The SMMT is reporting that the UK new car market recorded its second successive month of growth in September, with registrations rising 4.6%.
After some motor trade experts questioned the ongoing relevance of the plate change, and during what is typically the second biggest month of the year for the sector, 225,269 cars joined Britain’s roads.
While this was a 9,957 unit increase on last year, when the industry recorded its weakest September since 1998,1 overall registrations for the month are still some -34.4% below pre-pandemic levels as the industry continues to battle issues constraining supply to fulfil a backlog of orders.
Bucking recent trends, registrations by large fleets grew by 12.5% or 11,315 units, although this still represents a significant (-39.7%) decline on pre-pandemic volumes. Registrations to private buyers, meanwhile, fell by -3.6%.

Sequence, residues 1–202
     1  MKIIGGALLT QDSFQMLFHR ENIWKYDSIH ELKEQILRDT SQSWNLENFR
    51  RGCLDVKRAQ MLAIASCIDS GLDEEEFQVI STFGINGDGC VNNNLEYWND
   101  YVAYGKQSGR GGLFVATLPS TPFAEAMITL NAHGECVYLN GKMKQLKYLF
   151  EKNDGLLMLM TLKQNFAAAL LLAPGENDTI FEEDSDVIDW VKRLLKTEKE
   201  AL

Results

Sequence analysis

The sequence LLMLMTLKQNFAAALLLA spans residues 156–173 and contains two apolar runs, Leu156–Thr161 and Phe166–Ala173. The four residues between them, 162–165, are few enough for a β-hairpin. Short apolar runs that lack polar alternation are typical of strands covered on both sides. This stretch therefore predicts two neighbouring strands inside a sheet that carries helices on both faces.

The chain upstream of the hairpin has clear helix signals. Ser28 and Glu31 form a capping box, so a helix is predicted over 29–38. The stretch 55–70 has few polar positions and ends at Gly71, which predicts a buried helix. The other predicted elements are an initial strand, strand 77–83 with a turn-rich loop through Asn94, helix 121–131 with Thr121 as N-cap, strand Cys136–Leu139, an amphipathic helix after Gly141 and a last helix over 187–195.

In terms of segments, the largest growth was seen in multi-purpose vehicles, which rose 509.2%, adding more than 10,000 units, to 12,068, a result of key new model availability. Superminis remained the most popular segment overall, accounting for 30.9% of all registrations.
While growth is welcome following a torrid first half of the year, total registrations for 2022 remain down -8.2% on a weak 2021 performance and more than a third (-35.1%) below the first three quarters of pre-pandemic 2019, equivalent to 653,903 fewer units.
Mike Hawes, SMMT Chief Executive, said, “September has seen Britain’s millionth electric car reach the road – an important milestone in the shift to zero emission mobility. Battery electric vehicles make up but a small fraction of cars on the road, so we need to ensure every lever is pulled to encourage motorists to make the shift if our green goals are to be met.